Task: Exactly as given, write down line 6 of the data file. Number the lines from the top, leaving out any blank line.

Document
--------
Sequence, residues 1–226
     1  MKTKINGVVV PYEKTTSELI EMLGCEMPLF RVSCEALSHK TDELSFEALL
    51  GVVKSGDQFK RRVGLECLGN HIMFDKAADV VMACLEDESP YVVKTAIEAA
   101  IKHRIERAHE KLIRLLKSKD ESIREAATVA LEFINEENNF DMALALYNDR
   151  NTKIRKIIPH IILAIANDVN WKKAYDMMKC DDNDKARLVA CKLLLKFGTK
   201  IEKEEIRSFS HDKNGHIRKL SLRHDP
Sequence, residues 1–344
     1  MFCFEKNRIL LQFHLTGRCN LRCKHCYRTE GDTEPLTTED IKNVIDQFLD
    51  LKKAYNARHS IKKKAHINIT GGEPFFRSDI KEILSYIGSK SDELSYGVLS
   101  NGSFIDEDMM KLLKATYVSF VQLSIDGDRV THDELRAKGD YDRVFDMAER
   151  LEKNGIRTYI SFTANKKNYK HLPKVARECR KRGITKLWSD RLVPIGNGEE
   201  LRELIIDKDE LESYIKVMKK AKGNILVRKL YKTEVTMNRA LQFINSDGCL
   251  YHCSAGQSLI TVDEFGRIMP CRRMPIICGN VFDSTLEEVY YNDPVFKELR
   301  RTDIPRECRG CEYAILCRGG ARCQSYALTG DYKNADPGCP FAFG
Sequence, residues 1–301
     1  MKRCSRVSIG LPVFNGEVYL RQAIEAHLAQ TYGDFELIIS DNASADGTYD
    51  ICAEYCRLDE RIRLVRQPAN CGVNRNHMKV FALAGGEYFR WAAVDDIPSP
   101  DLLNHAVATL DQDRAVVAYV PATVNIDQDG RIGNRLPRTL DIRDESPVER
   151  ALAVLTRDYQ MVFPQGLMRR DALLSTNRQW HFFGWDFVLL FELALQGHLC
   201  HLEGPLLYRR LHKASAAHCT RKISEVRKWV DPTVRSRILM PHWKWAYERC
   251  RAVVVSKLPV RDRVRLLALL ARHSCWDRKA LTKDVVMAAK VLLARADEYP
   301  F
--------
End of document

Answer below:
   201  IEKEEIRSFS HDKNGHIRKL SLRHDP